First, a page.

As immune checkpoint inhibitors begin to reshape how to treat patients with cancer, understanding treatment-free survival as an endpoint in clinical research can better characterize the effects of the treatment.
Treatment free survival (TFS) in patients with cancer is typically defined as when the first-line treatment is discontinued and the second-line therapy is started, and it should be used more as an endpoint in clinical research for immune-oncology, according to Meredith M. Regan, ScD.
Regan believes that TFS can better characterize the way immune checkpoint inhibitors affect patients with cancer. TFS highlights how these treatments can provide a longer-lasting response where other therapies do not, making TFS a natural endpoint for certain clinical research. However, with immuno-oncology comes immune-related adverse events (irAEs) that must also be taken into consideration for evaluating TFS as an endpoint in clinical research.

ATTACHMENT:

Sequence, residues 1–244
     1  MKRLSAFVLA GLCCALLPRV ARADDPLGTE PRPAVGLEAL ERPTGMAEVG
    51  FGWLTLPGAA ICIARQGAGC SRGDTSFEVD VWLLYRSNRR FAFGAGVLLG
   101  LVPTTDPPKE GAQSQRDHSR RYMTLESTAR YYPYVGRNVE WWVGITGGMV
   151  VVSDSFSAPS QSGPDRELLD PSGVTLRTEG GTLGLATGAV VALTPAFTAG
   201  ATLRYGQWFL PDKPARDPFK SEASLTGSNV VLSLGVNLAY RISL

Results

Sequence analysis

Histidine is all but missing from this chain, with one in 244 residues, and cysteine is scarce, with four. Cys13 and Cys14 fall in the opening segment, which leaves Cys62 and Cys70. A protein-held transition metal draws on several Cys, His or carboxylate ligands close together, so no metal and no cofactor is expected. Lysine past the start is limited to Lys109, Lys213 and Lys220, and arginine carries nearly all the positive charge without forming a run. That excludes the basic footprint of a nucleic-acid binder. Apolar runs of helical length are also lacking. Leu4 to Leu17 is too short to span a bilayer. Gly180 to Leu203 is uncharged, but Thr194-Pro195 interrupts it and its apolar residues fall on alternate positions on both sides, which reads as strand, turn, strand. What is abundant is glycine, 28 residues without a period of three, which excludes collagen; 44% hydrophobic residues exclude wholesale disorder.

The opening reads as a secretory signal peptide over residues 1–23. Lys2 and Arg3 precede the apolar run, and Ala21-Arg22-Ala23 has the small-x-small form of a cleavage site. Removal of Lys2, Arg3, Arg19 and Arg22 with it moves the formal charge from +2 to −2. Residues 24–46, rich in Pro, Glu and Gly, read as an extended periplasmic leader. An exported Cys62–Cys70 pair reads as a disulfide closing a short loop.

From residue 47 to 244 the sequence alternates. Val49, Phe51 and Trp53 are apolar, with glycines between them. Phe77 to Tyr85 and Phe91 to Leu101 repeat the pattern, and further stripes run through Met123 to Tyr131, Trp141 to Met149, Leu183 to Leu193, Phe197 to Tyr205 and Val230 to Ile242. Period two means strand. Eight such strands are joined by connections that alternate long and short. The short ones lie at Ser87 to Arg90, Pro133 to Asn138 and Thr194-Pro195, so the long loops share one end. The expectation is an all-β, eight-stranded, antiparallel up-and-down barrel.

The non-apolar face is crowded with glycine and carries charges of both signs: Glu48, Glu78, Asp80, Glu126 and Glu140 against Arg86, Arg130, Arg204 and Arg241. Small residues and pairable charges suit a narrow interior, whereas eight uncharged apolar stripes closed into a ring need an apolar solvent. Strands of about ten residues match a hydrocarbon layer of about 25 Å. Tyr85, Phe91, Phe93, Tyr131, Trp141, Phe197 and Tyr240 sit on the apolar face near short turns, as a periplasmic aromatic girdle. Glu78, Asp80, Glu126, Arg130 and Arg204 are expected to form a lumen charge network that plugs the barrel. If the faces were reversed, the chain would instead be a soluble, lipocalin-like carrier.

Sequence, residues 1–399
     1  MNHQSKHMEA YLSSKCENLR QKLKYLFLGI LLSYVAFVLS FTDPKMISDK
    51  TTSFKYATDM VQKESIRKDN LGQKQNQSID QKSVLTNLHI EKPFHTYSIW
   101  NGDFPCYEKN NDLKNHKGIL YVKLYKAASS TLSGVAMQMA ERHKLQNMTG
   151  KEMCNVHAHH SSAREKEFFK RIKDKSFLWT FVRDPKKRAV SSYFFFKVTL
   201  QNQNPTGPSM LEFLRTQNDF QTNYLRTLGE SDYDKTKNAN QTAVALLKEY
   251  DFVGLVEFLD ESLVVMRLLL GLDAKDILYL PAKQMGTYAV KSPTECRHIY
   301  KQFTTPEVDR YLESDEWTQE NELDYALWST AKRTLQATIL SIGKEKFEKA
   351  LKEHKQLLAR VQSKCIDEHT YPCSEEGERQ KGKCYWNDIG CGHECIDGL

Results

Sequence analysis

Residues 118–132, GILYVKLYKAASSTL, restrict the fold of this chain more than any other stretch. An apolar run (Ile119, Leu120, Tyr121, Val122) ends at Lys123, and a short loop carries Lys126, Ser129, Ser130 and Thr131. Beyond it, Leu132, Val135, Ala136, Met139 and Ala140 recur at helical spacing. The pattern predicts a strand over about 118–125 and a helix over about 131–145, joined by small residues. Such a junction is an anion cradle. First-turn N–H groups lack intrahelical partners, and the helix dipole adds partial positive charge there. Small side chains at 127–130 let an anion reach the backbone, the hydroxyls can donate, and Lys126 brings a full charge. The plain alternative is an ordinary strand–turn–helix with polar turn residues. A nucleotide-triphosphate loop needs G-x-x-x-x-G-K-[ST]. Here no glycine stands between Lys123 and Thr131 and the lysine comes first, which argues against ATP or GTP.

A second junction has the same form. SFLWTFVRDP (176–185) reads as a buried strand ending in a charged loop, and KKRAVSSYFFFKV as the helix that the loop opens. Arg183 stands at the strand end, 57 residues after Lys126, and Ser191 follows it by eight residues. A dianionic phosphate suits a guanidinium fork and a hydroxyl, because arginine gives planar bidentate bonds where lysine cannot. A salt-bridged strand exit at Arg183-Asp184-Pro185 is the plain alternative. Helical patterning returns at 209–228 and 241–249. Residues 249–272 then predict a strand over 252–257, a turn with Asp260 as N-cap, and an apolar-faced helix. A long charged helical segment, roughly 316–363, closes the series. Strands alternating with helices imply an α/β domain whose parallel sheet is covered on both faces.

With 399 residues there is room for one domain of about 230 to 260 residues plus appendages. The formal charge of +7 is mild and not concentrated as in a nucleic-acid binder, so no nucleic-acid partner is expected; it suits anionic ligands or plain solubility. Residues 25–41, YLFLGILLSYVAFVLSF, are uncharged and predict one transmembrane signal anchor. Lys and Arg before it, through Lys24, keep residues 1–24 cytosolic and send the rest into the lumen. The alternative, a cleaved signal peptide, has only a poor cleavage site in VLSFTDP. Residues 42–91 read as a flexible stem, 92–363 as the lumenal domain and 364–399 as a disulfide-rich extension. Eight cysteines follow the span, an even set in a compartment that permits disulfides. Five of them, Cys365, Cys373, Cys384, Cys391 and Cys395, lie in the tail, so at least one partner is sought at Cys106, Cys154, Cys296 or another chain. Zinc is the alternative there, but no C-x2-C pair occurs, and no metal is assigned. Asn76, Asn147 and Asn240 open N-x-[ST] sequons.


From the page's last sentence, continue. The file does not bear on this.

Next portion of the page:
Regan, a researcher at the Dana-Farber Cancer Institute, had the chance to sit down with OncLive®, a sister publication to Oncology Nursing News®, and discuss looking at irAEs and toxicities as a part of using TFS as an endpoint for clinical research into immune checkpoint inhibitors.
With the good that has come with immune checkpoint inhibitors, there's also some bad, and that's an important part for clinicians and patients to be thinking about. Which is, toxicities that happened during treatment, which happens with all systemic therapies, but also that some of those toxicities can persist even after treatment is discontinued.
We wanted to be able to bring that into the analysis as well, so you could understand treatment-free survival, how much of it was spent with ongoing side effects and adverse events that had started from therapy, and how much of it was without those events. So that's how we try to put the whole picture together to be able to weigh the pros and cons of the different approaches.